Birkin Philodendron (Philodendron ‘Birkin’) Plant Care Guide

Bright, beautiful Birkin is a highly popular, compact Philodendron with a classic look perfect for small spaces in a home or office. 

Like other Philodendrons, Birkin is a great beginner plant that requires minimum care. Mine sits happily on a windowsill in my home office and has never given me a minute of trouble.

Its new leaves are ovate and dark green with thin, white edges. As they mature, they develop a unique variegation of narrow white stripes between wider white ones. The more mature the leaves are, the brighter the variegation.

This beautiful plant has an uncertain heritage and is not currently patented. It is thought to be either a mutation of Philodendron ‘Rojo Congo’ or a hybrid between one of the ‘Congo’ and one of the ‘Imperial’ cultivars.

But whatever its parentage, Birkin’s origins, like all Philodendrons, were in the tropical rainforests of Central and South America. The medium light and warm temperature requirements make them excellent houseplants.

Care for Your Birkin Philodendron 

Image Credit: Author/Nancy Maffia

All Philodendrons, including hybridized cultivars, originated as rainforest understory plants. You can’t create the same environment in your home, but you can come close with a few cultural tweaks.

If you give it what it needs, as outlined below, you should be able to enjoy it for years to come.


Image Credit: Jirayu Chaichomlert/Shutterstock

Birkin Philodendron needs bright, indirect light, preferably from an east- or north-facing window. I have mine on a bright, north-facing windowsill with plenty of indirect sunlight, and I rotate it every couple of days since it bends toward the sun.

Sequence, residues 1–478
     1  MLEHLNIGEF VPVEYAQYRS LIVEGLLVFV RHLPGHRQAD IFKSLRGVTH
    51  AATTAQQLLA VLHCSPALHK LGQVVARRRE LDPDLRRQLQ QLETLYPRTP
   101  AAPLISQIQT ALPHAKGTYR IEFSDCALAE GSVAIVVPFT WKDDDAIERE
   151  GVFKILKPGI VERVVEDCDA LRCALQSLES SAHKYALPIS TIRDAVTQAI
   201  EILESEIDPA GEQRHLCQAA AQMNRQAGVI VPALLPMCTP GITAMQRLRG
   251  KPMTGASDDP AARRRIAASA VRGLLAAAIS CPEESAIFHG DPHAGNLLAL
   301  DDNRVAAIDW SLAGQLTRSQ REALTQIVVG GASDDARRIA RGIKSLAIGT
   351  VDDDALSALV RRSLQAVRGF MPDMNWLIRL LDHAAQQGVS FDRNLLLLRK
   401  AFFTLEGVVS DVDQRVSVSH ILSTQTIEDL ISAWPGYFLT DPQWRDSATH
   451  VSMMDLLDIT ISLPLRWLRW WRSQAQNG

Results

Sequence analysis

If you don’t have that exposure available, set it back about three feet from a south- or west-facing window or soften the light with a sheer curtain.

Birkin’s variegation will be most vivid in bright light, but it must be out of the direct sun’s rays, or the leaves can burn.  

Temperature and Humidity

Birkins do best in temperatures of 65 to 85 degrees F, which are within the average household range. However, they must be kept away from drafts, like from a cold winter window or air conditioner vents.

And because of their rainforest heritage, they need about 50 to 60 percent more than in most households. You can increase the humidity levels around your Birkin by setting it on a pebble tray of water or using a humidifier. 

As an alternative, you can keep it in the bathroom, laundry room, or kitchen with higher humidity as long as there is enough light.

Soil and Pot

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Your plant needs light, loose soil that allows water to drain quickly and provides air spaces for oxygen to move around the roots. An organic potting soil mixed with orchid bark, coco coir, peat moss, and perlite is excellent for your Birkin.

Pots come in many beautiful shapes and sizes, made of plastic, ceramic, terracotta, or composite. But when you choose that perfect pot for your plant, it will need at least one hole in the bottom so that water can run through quickly and won’t build up around the roots. 


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Philodendrons are forgiving if you forget to water them. But too much water, especially without good drainage, can cause root rot and damage or kill your plant. 

Your house environment will change with the seasons and cause fluctuations in temperature, humidity, and light. So don’t keep to a watering schedule.

Instead, gauge when it’s time to water by digging your finger into the soil to feel for moisture. When it’s dry an inch or two down, your plant is ready for a drink. 

When you water, let it run through the soil and out the hole in the bottom until it is wet and completely drained. 

In addition to how you water, the type of water you use for your plants is also important. Tap water from most locales has mineral contents that may damage your houseplants, so using rainwater or distilled is a healthier choice.